The improved survival compared to those without surgery was related to decreased mortality from cardiovascular mortality, diabetes and cancer. However mortality due to suicide was increased.
Limitations: lack of detailed data including BMI, smoking and alcohol consumption
Studies have shown that adults with obesity who were obese as adolescents have worse medical outcomes than persons who became obese in adulthood (Nat Rev Endocrinol 2018; 14: 183-8; NEJM 2011; 365; 1876-85). Thus, the question is whether earlier intervention would improve outcomes.
A recent study (TH Inge et al. NEJM 2019; 380: 2136-45, editorial TD Adams, pgs 2175-7) compares the 5-year outcomes of adolescents (n=161) and adults (n=396) who underwent Roux-en-Y gastric bypass (RYGB). The two prospectively enrolled cohorts were participants in two related but independent studies.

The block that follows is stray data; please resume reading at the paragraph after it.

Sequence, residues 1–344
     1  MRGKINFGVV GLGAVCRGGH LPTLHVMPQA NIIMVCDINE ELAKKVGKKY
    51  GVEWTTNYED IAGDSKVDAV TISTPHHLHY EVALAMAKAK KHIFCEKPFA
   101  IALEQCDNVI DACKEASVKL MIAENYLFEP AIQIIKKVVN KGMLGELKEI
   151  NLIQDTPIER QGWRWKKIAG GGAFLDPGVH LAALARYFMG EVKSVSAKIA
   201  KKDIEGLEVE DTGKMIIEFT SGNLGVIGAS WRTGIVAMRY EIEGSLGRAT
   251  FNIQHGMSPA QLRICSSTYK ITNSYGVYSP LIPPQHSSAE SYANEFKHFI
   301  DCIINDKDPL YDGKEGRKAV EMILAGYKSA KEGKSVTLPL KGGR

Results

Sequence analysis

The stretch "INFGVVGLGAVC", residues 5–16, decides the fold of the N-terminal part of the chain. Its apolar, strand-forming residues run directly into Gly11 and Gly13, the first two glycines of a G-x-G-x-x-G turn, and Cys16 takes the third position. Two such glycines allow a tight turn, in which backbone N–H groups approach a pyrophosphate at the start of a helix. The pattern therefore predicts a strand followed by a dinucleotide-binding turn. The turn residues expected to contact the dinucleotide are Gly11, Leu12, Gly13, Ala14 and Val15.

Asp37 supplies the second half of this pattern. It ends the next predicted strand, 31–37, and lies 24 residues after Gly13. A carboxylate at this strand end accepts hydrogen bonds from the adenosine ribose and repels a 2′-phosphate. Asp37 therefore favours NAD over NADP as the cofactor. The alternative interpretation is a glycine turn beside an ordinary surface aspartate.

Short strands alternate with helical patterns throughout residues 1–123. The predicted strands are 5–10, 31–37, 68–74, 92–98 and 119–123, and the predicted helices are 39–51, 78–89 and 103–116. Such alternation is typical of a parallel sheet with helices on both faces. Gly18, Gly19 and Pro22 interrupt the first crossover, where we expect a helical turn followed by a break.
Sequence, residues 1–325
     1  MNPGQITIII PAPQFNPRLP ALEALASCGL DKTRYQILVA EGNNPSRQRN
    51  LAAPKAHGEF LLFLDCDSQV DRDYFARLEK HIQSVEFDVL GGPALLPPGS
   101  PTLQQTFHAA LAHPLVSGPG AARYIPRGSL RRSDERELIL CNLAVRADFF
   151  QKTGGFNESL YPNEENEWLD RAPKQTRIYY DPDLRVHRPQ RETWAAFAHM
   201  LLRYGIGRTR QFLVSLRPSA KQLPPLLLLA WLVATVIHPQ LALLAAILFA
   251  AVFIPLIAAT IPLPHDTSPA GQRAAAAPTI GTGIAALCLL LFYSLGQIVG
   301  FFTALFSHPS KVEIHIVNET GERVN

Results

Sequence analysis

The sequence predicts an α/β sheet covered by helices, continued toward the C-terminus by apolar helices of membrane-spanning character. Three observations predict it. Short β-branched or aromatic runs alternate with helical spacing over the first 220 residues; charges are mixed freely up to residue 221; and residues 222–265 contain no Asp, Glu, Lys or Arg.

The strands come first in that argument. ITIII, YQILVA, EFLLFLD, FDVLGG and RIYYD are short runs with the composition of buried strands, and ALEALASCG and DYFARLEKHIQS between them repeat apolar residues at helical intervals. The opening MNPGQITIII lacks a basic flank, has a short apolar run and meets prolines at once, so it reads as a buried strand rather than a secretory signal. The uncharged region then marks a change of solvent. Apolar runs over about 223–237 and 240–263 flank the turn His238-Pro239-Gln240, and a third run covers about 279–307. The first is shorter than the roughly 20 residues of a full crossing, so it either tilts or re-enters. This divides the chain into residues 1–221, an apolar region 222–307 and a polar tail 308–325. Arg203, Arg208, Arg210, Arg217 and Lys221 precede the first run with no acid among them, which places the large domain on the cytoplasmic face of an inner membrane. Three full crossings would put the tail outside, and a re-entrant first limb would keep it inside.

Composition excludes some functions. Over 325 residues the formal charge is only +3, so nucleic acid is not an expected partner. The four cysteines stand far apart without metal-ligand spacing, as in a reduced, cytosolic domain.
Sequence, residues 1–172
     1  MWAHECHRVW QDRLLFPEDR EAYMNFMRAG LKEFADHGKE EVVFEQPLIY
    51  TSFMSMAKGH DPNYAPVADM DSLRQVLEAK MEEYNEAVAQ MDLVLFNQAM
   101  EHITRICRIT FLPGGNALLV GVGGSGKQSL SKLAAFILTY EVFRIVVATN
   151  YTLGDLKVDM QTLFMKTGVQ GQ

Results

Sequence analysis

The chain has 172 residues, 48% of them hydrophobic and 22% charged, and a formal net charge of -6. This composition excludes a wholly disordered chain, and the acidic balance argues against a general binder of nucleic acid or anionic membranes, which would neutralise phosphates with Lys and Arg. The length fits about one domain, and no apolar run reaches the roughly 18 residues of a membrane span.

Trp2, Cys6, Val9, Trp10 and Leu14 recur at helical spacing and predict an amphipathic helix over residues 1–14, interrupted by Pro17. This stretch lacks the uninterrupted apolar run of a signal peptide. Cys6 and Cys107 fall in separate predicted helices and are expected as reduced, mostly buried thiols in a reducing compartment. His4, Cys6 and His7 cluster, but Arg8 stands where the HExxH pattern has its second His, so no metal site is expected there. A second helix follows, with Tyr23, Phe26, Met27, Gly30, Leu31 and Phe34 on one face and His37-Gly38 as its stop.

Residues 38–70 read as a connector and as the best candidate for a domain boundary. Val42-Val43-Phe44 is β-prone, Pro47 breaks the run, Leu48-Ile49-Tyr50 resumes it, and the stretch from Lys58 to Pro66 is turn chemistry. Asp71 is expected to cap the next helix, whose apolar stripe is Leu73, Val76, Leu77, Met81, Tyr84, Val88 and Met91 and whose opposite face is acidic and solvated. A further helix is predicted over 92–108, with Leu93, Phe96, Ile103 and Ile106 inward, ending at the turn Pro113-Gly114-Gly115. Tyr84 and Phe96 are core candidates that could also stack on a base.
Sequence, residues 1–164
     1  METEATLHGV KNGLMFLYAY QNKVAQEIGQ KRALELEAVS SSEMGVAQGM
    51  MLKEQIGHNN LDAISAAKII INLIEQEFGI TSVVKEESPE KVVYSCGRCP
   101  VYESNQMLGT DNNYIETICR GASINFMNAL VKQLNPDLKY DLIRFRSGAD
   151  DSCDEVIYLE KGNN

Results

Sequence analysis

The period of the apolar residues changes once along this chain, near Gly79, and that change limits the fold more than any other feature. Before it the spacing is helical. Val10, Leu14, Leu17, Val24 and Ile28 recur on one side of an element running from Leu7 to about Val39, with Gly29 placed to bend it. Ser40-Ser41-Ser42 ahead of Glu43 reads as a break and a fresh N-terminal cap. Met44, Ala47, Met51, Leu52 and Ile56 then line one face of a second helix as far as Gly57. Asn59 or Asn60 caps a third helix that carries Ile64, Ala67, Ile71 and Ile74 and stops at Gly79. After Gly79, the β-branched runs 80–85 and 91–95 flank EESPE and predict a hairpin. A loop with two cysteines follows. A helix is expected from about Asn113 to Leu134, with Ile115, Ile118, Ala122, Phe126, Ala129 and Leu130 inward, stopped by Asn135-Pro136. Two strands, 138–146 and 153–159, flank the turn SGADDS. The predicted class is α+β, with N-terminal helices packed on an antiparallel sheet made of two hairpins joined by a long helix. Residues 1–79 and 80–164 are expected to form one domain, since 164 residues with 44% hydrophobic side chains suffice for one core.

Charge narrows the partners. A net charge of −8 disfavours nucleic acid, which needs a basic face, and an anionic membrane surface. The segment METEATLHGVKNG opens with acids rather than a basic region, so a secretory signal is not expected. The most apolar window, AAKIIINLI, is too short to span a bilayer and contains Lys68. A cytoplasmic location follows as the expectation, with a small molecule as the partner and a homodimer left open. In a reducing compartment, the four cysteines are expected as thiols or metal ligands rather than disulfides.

There was similar weight loss in both groups at the 5-year mark: -26% in adolescents and -29% in adults
Adolescents had greater remission in both type 2 diabetes (86% vs 53%) and in hypertension (68% and 41%).
Three adolescents (1.9%) and seven adults (1.8%) died in the 5-years after surgery. Two of the adolescents deaths were consistent with overdose.
Reoperations were significantly higher in adolescents than adults (19 vs 10 reoperations per 500 person years). The authors comment that the reason for this finding is unclear, possibly related to recall bias or closer monitoring of the adolescents.
Nutrient deficiencies were common in adolescents at followup. After 2 years, 48% of adolescents had low ferritin compared with 29% of adults (98% of participants had normal ferritin prior to RYGB. The authors note that this is likely related to adherence to vitamin/mineral supplementation (which is needed lifelong).